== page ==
Free travel was given to pensioners. It costs quite a bit, but it was given to help people, as was the free electricity. Some people have asked why we have not given old people extra money instead. Very often old people do not utilise money in a way that would benefit themselves. We believe if they are encouraged to go out and use the free travel concession that this will benefit them more than anything else one could do for them. The same applies to the free electricity scheme. More old people die of cold than from anything else. One has only to read the death notices in July as compared with the death notices in February or March to see that this is so. The death notice columns in the papers in the winter months are four times as long as they are in the summer. This proves that old people are killed by the cold. It hastens their deaths. That is why we were concerned about electricity. They can use it for their own comfort. A male pensioner might buy some other type of "anti-freeze" with money if it was given to him. The aged are the first to have any claim to social welfare benefits. We always say they are not getting enough and that we will increase their pensions as soon as possible. It has been said that it costs £10 to £15 per week to keep old people in what has been referred to as geriatric homes. It is frequently asked why we do not give them some extra money for a home care service rather than spend so much on keeping them in these homes. My answer has always been that the local authorities, on whom the cost for the home falls in most cases, might usefully consider a scheme whereby they would pay something to those who look after old people at home. I mentioned this to the Minister for Local Government recently and I think he was interested, as also is the Minister for Health. It would be more their business than mine but I would not like a scheme whereby everybody could send a father or mother for a week to a home and then have them brought back and get money for taking them out again.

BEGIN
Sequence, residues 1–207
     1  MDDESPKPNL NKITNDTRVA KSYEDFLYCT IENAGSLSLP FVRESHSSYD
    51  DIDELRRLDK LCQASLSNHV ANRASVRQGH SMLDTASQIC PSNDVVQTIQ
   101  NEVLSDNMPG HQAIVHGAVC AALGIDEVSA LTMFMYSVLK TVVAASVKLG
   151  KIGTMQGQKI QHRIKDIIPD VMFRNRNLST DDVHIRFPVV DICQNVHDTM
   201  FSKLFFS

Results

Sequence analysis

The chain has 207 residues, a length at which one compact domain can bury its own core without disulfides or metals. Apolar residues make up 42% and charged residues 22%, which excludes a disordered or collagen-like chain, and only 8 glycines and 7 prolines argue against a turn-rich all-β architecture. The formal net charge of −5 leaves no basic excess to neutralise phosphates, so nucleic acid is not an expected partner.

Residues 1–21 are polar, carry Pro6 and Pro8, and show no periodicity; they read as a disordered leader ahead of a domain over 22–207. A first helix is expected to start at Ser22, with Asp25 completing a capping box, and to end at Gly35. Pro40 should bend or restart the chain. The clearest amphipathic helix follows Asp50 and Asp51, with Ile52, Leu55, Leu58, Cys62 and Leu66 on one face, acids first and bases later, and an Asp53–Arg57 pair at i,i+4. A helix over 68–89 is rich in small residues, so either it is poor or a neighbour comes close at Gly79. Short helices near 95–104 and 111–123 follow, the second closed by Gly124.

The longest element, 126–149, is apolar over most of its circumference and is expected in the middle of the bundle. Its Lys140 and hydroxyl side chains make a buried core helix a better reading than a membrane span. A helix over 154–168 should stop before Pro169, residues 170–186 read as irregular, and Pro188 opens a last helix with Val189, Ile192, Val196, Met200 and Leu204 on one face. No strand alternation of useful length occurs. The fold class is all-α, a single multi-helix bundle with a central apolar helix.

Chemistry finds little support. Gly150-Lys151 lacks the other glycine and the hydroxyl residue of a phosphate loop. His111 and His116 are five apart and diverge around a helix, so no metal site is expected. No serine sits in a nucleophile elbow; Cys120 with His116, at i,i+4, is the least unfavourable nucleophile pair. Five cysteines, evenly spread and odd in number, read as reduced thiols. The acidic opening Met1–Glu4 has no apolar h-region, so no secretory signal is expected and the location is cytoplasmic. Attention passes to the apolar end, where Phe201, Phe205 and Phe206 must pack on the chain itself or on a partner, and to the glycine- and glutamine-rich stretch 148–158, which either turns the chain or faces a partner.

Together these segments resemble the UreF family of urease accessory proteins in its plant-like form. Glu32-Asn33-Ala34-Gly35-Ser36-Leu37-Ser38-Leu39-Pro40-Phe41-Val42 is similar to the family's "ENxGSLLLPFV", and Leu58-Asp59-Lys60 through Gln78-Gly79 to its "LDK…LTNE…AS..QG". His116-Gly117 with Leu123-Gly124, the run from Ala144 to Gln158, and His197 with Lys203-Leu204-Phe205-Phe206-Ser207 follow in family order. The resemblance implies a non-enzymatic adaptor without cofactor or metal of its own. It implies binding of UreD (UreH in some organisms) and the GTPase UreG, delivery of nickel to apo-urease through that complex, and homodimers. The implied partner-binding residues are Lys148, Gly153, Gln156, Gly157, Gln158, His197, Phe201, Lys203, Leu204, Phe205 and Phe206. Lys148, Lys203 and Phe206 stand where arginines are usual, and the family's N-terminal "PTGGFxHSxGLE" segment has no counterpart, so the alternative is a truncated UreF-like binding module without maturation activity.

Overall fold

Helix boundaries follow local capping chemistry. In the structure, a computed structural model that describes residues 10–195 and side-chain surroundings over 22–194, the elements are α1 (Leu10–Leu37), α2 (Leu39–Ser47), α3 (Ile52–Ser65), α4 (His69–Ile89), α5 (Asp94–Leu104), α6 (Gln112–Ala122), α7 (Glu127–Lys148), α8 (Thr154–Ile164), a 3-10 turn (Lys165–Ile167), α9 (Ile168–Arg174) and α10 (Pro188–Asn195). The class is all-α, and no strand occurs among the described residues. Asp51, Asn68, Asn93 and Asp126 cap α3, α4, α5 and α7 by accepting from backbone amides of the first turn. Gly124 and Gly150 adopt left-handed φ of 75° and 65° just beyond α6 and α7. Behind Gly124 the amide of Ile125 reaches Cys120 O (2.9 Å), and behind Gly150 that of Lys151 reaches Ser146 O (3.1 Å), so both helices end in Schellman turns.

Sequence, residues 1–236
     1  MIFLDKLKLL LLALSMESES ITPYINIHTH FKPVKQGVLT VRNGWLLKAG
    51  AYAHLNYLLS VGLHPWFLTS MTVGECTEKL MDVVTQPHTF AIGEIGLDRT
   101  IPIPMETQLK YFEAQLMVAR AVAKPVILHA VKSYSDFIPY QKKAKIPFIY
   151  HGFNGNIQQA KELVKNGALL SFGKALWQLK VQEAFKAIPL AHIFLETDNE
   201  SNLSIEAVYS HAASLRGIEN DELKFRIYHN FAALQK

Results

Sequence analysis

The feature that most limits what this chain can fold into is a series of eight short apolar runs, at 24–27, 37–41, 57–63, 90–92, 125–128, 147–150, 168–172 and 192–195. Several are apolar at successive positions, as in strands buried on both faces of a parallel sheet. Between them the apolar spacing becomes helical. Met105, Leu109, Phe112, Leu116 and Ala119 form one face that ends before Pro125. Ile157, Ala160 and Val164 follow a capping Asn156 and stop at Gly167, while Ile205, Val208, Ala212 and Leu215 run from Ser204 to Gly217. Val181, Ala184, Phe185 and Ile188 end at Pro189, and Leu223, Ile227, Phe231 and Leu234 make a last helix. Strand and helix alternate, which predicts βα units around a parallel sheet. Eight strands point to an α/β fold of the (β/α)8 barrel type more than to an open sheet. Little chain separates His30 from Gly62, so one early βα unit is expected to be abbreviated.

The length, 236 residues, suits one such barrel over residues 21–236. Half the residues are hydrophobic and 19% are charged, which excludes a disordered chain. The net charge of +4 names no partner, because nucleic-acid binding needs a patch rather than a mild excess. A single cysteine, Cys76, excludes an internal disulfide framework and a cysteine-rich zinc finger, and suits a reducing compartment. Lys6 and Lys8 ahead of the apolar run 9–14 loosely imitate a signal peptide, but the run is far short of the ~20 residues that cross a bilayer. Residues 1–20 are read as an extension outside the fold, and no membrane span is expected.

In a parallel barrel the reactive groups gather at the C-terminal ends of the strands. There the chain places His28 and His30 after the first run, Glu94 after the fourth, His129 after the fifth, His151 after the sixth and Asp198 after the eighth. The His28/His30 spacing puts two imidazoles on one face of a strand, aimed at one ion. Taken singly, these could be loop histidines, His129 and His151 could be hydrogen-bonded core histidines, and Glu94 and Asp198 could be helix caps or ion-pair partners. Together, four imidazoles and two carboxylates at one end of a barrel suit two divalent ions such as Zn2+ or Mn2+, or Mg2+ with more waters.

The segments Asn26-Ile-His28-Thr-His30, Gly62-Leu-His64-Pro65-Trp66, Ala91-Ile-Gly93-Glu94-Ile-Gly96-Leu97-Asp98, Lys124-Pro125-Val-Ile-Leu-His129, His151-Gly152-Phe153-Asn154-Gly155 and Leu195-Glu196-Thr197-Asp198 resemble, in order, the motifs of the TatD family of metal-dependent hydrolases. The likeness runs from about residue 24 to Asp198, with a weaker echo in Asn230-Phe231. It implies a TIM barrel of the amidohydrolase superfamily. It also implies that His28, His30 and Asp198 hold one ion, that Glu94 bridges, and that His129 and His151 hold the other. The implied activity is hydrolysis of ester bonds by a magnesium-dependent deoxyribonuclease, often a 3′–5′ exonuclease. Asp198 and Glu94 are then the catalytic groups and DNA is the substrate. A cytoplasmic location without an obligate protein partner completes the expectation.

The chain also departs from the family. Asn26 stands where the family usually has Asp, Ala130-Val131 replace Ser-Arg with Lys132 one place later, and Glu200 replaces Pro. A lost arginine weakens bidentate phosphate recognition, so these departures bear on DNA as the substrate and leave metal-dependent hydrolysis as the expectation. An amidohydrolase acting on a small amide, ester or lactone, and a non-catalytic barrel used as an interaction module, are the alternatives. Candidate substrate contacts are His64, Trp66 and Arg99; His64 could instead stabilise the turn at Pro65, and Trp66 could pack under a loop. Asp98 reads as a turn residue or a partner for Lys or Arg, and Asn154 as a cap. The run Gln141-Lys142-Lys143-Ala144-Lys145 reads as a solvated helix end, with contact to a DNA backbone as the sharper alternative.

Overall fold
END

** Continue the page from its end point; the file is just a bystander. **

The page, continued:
From the tone of some speeches it would appear that it is necessary to mention the question of abuses of different schemes which abuses make it necessary to have regulations, ultimately referred to as "red tape", and for which we in the Department are criticised. I was at a number of social welfare conferences and recently at one where most of the social welfare or family affairs Ministers in Europe were present and in conversation outside conference business we discussed this emotive subject of social welfare. I can assure the House that it does not differ from one country to another. Everywhere there is a Parliament when there is a discussion on social welfare, everybody cries for the weaker sections and blames the Government for not doing enough for them. The same type of criticism is made in every Parliament on the same subject, so far as I can gather in discussions with Ministers I have met from Europe time and again and even only a few weeks ago in Stockholm.
That is understandable. But we must take credit. Perhaps I have been too much on the defensive on this Estimate at times. When I consider what all of us do, because this is something which the country pays for, which comes out of your pocket and mine, I think there is no need to be on the defensive about our schemes, either their scope or rates of payment. It is quite a new code and not many years ago we had nothing except a ten-shilling old age pension, a scheme handed over by the British. Our social welfare code has been built up in the past 35 years. Its rise is dramatic and shows a rate of expansion that compares favourably with countries that were pursuing this idea long before we had started.